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  1. Hey everyone,   got a question to ask. I want to get a freelance residence permit in Berlin.   First, a couple of lines about myself.   I'm 30, Russian citizen, been living in Berlin for the past 7 years on a student permit. Have a MA degree as a translator/interpreter from my home country.   Perfect, nearly native command of German (C2) and English (C2), native Russian. Have an unlimited accommodation contract since 2015 in Berlin.     I want to give up on my studies and get a freelance residence permit that would allow me to work as a translator/interpreter for different startups and projects in Germany. Finding those are not a big deal at all, I already got accepted for a job as a game localization tester (somewhat related to translation) only to find out that I'm not allowed to freelance on a student residence permit.     The biggest challenge though is to get that freelance permit.   I have experience in translating (not recent though).   Might get  a couple of letters of intent from German startups/individuals saying that they are willing to hire me as a freelancer for their upcoming projects... Showing a bank statement with somewhat €10000 wouldn't be a problem either. Have a translated diploma of my BA degree.     How realistic is my idea? Not in terms of actual working, but in terms of getting a freelance visa. Are they rather chilled in the Berlin ABH (especially if I speak perfect German to them and have a full set of documents put together with my immigration lawyer)?     Thanks!  
  2. Hello. I applied for and received a freelancer number for the tätigkeit "Künstler" in Sept 2019. I have however started to freelance as an audio engineer since January and initially used my Künstler Steuernummer on my invoices, then switched to using my Umstatz Steuer ID on my invoices (that I received with my Künstler freelance number application)...   What would be the best course of action? A. Apply for a new freelance number for audio engineering and write on the form that I began the work from the 1st of January (ie retroactively). And then amend my invoices?   B. Apply for a new freelance number for audio engineering and say that I'm starting the job from the date of application. Then come tax time, declare January's income under my artistic / audio engineering freelance number?   I just want the least amount of potential problems... Bit worried that if I back date an application that the Finanzamt will do something weird. But I have nothing to hide so yep, just looking for a bit of clarity!
  3. Hello everyone,   I've been trying to figure this out by reading previous discussions on the subject but, although they were extremely informative, I'm still left with some questions.   I've been in Germany (Berlin) since July 2016. From November 2016 - July 2019, I had an employee contract with a company (as a midi job) and made the mandatory state pension contributions as they're required.   From July 2019 until now, I've been freelancing as a social media manager. I manage a Twitter and a Facebook account for an agency and occasionally appear in videos on those social media accounts conducting interviews.   To the question: are people who work in social media in that capacity required to contribute to the public pension system? How much of a gray area are we in?   Some further info, in case any of it is relevant: I'm not an EU national (I have a residence permit as a spouse of an EU citizen); I declared my occupation as "journalist" to the Finanzamt as I didn't know what else to write down (which at first I thought would doom me with the DRV but apparently they operate completely independently to the Finanzamt?); I pay for my own health insurance with TK but I'm wondering whether the KSK might take me, especially if it turns out that I must pay into the pension system; I basically only have this one client as a freelancer, which I know will configure Scheinselbständigkeit in the long run but I'm hoping to change my employment status and become a proper employee with them within the next six months.   Thank you in advance!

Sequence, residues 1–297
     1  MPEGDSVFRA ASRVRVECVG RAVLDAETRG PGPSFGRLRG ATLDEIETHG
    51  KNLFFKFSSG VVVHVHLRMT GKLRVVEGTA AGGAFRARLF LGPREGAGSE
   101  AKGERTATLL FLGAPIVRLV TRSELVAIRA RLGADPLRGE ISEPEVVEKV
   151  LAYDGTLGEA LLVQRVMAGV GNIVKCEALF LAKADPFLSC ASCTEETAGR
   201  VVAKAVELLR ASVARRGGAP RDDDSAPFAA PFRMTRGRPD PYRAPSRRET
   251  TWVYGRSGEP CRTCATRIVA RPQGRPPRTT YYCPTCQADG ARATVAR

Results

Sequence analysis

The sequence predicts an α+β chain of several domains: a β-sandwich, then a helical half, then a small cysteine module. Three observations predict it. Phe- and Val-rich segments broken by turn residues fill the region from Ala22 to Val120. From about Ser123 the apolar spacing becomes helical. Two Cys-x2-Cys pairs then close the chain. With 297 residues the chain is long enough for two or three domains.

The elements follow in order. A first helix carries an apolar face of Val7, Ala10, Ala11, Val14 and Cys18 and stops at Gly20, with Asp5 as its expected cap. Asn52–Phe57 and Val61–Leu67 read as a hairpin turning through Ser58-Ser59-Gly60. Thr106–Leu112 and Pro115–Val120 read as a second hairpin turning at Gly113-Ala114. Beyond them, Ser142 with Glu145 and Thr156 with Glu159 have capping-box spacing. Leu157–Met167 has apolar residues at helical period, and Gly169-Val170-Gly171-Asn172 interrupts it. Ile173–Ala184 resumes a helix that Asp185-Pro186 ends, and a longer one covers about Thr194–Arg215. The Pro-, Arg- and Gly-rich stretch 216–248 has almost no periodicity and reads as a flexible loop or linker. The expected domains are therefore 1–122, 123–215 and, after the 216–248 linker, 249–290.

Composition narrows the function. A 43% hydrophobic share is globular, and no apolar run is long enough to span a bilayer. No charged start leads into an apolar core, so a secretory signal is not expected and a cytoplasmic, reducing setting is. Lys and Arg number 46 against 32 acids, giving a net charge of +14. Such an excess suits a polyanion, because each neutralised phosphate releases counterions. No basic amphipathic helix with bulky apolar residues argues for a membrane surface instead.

4. I’m a non European and I’m in Berlin with an artist visa, I need to change my visa to resident permit before it expires. I have some trouble finding the right insurances.   When I applied the visa I had a travel insurance. Now the foreigner office told me I need a proper one. Some people on the internet said Care Concept may be okay when you apply for the first time, I want to know if I count as first time or second time? I applied the visa in my home country and it is first time for the resident permit, but I’m not sure... HanseMerkur told me if I want to be insured with them I need to sign a contract for two years.    my ideal plan to be insured is with KSK and TK, and TK told me with KSK I only need to pay 90euros/month. The thing is my appointment with the foreigner office is at the beginning of January, and KSK may take months to be approved. So I need a private insurance before my appointment, and switch from private health insurance to public one later. I think Hanse Merkur’s contract is too long.    ALC said they meet all the German law, but they are an international health insurance company, not a German one, like CareConcept. But they are more expensive and my friend said she has ALC at the beginning and it’s all fine.   Please give me some advice? My appointment is approaching..